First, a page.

A bill has been introduced in both the House and Senate to protect privacy in an era when tech companies are helping the government with the contact tracing that could be crucial to fighting the further spread of COVID-19. 

Public Health Emergency Privacy Act contains enforceable privacy and data security rights for health information, including requiring opt-in consent and prohibiting e-commerce or advertising uses. The key to contact tracing is identifying who people with the coronavirus have come in contact with, which means collecting health and geotracking info. 

Chief sponsors of the bill are five Democrats who argue such safeguards will allow more people to feel comfortable providing the important health data for apps that can fight the virus. 

“This measure sets strict and straightforward privacy protections and promises: Your information will be used to stop the spread of this disease, and no more,” said co-sponsor Sen. Richard Blumenthal (D-Conn.). Other principal sponsors are Sen. Mark Warner (D-Va.) and Reps. Anna Eshoo (D-Calif.), Jan Schakowsky (D-Ill.) and Suzan DelBene (D-Wash.). 

Specifically the bill would: 

· "Ensure that data collected for public health is strictly limited for use in public health; 

· "Explicitly prohibit the use of health data for discriminatory, unrelated, or intrusive purposes, including commercial advertising, e-commerce, or efforts to gate access to employment, finance, insurance, housing, or education opportunities;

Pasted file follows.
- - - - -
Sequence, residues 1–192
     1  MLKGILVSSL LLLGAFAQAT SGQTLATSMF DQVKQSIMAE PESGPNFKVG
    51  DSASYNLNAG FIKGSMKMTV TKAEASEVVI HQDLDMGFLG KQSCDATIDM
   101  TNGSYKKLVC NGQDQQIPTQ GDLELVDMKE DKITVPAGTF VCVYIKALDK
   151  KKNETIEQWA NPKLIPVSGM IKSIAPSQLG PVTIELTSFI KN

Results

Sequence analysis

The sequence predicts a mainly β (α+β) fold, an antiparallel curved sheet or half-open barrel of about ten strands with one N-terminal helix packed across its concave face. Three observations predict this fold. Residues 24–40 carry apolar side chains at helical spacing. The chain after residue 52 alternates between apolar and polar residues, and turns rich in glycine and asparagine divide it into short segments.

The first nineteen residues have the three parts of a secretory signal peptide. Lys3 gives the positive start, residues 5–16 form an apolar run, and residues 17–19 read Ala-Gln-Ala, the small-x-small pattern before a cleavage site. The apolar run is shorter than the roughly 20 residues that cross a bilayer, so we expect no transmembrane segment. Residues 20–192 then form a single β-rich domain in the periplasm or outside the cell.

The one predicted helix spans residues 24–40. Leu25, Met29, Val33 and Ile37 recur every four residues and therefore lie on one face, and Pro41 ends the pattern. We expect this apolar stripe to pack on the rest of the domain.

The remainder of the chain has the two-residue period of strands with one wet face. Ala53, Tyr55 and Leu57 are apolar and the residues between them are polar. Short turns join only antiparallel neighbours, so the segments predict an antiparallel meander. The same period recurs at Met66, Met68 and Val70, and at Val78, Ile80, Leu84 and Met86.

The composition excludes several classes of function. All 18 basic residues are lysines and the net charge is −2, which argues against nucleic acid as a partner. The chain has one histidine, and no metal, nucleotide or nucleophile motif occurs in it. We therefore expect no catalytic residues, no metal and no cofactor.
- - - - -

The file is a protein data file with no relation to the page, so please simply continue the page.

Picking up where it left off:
· "Prevent the potential misuse of health data by government agencies with no role in public health; 

· "Require meaningful data security and data integrity protections – including data minimization and accuracy – and mandate deletion by tech firms after the public health emergency; 

· "Protect voting rights by prohibiting conditioning the right to vote based on a medical condition or use of contact tracing apps; 

· "Require regular reports on the impact of digital collection tools on civil rights; 

· "Give the public control over their participation in these efforts by mandating meaningful transparency and requiring opt-in consent; and 

· "Provide for robust private and public enforcement, with rulemaking from an expert agency while recognizing the continuing role of states in legislation and enforcement." 

Among the groups backing the bill, according to the legislators, are Lawyers’ Committee for Civil Rights Under Law, Public Knowledge, New America’s Open Technology Institute, Consumer Reports, Free Press, Electronic Privacy and Information Center (EPIC), Public Citizen. 

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